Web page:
Rising Stars Series

Gilmore Keyboard Festival

It's Pierre Van Der Westhuizen's favorite part of the job: to identify and provide a platform for new artists to establish themselves, and for established masters to share their exceptional talent with west Michigan audiences. Together with WMUK's Cara Lieurance, Van Der Westhuizen previews the 2020/21 season of the Gilmore Keyboard Festival, highlighting the artists' personal stories and achievements. 


Gilmore Keyboard Festival

Today would have been the official start of the 2020 Gilmore Keyboard Festival, a three-week celebration of keyboard artistry and one of the biggest festivals of its kind in the US. Early in the Covid-19 crisis, executive director Pierre van der Westhuizen saw that the festival was in jeopardy. Some international artists, who make up a large part of the festival schedule, could no longer travel. On March 13th, he announced the cancellation of the festival.

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The Gilmore Keyboard Festival will present five solo recitals this Sep - Jan, representing an array of talent  making waves in the classical world. Executive director Pierre Van Der Westhuizen joins Cara Lieurance to talk about how he and the festival  discover, support, and showcase the next generation of great artists.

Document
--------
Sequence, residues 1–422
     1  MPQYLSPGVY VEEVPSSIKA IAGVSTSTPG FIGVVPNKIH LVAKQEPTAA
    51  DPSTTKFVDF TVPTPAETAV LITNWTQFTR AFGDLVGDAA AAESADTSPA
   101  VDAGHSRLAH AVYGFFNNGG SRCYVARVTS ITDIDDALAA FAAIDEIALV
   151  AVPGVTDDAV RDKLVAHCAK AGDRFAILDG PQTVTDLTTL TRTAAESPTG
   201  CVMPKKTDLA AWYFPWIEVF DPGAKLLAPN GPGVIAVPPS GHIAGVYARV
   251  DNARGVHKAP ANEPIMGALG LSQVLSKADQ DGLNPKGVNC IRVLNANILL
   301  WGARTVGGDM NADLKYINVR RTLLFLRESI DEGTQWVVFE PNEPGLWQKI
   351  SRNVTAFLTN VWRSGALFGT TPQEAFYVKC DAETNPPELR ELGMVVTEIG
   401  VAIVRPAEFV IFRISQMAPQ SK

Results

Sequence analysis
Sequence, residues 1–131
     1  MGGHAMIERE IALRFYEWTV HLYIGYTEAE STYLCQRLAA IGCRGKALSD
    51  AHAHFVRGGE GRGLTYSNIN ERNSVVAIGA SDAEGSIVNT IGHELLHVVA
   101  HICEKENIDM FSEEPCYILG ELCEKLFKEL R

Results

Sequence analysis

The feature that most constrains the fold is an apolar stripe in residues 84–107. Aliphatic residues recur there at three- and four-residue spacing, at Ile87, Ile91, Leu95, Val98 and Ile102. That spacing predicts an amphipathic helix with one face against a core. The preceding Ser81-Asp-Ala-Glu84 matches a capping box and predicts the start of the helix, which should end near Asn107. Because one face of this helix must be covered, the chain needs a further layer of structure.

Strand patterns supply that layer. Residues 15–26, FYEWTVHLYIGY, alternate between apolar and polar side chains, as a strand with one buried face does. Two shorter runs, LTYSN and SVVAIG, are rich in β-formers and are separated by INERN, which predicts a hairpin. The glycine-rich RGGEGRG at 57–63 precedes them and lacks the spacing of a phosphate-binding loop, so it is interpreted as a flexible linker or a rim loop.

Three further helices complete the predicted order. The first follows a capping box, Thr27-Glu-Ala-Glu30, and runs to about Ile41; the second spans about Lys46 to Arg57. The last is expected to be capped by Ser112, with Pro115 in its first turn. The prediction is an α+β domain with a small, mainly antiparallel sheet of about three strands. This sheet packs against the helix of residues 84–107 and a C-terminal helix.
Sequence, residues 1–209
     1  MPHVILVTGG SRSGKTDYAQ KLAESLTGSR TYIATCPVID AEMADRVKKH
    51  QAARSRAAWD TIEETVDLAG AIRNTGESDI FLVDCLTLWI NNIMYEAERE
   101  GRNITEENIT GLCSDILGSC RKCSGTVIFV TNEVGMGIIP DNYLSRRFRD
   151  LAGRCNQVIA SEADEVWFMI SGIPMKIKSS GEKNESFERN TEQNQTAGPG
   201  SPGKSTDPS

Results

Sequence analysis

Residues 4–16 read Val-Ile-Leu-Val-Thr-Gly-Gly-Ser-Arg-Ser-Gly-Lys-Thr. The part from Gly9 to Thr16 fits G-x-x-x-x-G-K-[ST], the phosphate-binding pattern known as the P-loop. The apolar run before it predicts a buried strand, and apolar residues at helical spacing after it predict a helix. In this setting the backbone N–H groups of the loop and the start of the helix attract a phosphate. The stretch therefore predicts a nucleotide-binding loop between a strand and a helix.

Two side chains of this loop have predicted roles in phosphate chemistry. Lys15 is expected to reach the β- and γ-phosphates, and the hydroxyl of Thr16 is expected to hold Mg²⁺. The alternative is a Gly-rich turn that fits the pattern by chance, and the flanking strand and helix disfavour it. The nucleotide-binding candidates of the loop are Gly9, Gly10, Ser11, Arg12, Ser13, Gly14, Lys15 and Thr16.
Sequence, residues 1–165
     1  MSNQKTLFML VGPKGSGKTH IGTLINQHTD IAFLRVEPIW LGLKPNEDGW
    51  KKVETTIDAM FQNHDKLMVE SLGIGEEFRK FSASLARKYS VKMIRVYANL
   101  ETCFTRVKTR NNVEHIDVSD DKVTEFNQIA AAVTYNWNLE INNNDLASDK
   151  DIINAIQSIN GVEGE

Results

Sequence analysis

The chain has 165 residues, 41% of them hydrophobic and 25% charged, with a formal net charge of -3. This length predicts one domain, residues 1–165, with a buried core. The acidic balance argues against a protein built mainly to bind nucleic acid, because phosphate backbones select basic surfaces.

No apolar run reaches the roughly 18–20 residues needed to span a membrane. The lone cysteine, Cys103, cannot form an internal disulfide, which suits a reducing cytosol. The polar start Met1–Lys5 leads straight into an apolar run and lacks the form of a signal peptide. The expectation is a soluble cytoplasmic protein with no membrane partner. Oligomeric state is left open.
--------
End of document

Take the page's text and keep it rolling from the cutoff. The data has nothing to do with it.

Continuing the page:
Tiffany Poon is the first to perform, on Sep 22. A "vlogger," she makes popular videos of her practice sessions on YouTube, reaching over 130,000 subscribers. On Oct 6, two Lang Lang Scholars, Alia Alsafa and Jeffrey Chin, offer a joint recital. The Russian-Lithuanian Lukas Geniušus, from a family of venerated classical musicians, appears on Oct 20. Charles Richard-Hamelin, a Canadian who won the silver medal in the 2015 International Chopin Piano Competition, will perform on Nov 10; and Wei Luo, a 2018 Gilmore Young Artist, closes the series on Jan 19.

Colin Way

Pavel Kolesnikov, as he waits for his plane in Seattle, tells Cara Lieurance he is fascinated by micro details - in music, in photographs, even in observing ordinary objects in an airport. It's a quality that brings new insights into music thought to be trifling, like Tchaikovsky's The Seasons, or well-trodden, like Chopin's Mazurkas. 


Ellen Appel-Mike Moreland

Sean Chen has gone through a lot of life changes in just a few years. He completed his studies at the Juilliard School and Yale, took the bronze medal at the 2013 Van Cliburn Piano Competition, and was awarded a fellowship worth $100,000 by the American Pianists Association. This month, he got married to his fiancée, a violinist, and moved to Kansas City, MO. But he's focused on opening the Gilmore Keyboard Festival's Rising Stars Series this Sunday.

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